Setting a tone with the school and the town…

Insert favorite lawyer joke here…

It’s not the simplest of deals but it isn’t rocket science.
The big picture view is that you go to your neighbor and ask for a piece of his property on which to build a garage right behind your house. The property that works best for you has a gazebo with his hot tub. It sounds a little crazy but the neighbor is feeling pretty good and notices the piles of crap on the side of your house that will go into the garage. So he sees a benefit and agrees to give you the land for the garage if you build him a brand new gazebo where he can put his hot tub. The two of you dither over replacing a few trees here and there and you agree to plow his driveway and everyone calls it good.
And then the lawyers get involved… and the wondering begins if you will really get a new garage and the neighbor will get a new gazebo and you’ll stay friends and…

At the end of last summer, the RE1J school board approached the town of Crested Butte about obtaining some town-owned property on which to expand the school. The Town Council, despite feeling a little rushed, agreed to give the school district some of the property at the Tommy V baseball field just south of the current school if a proposed bond issue passed in the fall. It did.
In return, the council asked that the school district build another baseball field to replace Tommy V and make the expansion LEED (Leadership in Energy and Environmental Design) certified. Green building is important to this council.
Despite misgivings over the necessity, expense and bureaucracy involved with a LEED certification, the school board has grudgingly agreed to go with the deal. They want the land and the town wants a green building with a plaque that says LEED. Check.

And then the lawyers got involved and… the wondering began.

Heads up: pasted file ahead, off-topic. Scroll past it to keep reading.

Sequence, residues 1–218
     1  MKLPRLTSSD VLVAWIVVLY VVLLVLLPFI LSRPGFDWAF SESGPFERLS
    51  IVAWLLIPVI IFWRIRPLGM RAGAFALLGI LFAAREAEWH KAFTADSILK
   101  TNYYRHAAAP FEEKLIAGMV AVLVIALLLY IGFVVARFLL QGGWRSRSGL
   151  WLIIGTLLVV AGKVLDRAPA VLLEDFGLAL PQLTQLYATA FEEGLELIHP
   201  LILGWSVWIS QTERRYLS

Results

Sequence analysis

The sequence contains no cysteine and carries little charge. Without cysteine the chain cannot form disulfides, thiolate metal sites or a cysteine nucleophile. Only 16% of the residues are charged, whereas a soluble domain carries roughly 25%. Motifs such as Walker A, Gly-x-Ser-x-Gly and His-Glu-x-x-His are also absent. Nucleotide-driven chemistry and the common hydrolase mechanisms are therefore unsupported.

The Town Council, school board, administrators on both sides of the issue and the school expansion architect all appear to understand the big picture. They have agreed to the deal in principle. But they can’t seem to complete the necessary Intergovernmental Agreement (IGA). We are heading into 2009 and no IGA has been signed. It was originally going to be finalized before the election.

I have heard from people on both sides that the lawyers involved in drawing up the agreement are having a little difficulty ironing out the final details. Several drafts have been exchanged. Are they arguing over what the meaning of the word “is” is? I understand that that is sometimes necessary and the lawyers are paid to protect their respective boards. But the analogy that seems to have struck a chord is that it comes across like the lawyers are at times speaking different languages.

If that’s the case, it is time to bring in a translator.
The deal has been struck.
In a nutshell, voters went way out on a limb last November and overwhelmingly approved the big picture and agreed to raise their taxes to make the deal work. The district will get some land from the town to expand the school. The school will build a new baseball field for the town. The school district will construct most of its Crested Butte expansion to be LEED certified. The town barn will be moved, school traffic flow will be improved, and maintenance responsibilities are redefined.
Let’s not forget… the result of the deal is that the local kids get a better place to learn.

To be fair, the town’s attorney guarantees there will be an IGA signed. “There are no deal killers in there and the changes coming from both sides are really to be expected,” he said. “We’ll get there.”
The project architect has said that the longer it takes to strike a signed deal, the more costly the expansion project can become.
Really, it’s not the fault of the attorneys. They are paid to dicker and debate and get the best deal for the people paying them. But we, the taxpayers are paying both sides. Heck, the legal fees alone are probably approaching the same stratosphere as LEED certification expenses. Now, it’s up to the clients, (that would be the school board and the town) to make it clear they want an IGA signed and in place sooner rather than later.
It has become a matter of both time and money. But at the end of the day, it is also a reflection of confidence for us, the voters and taxpayers, that a reasonable tone will be set for a smooth project and ultimately, for a continued good and fruitful partnership between the school and the town.

—Mark Reaman

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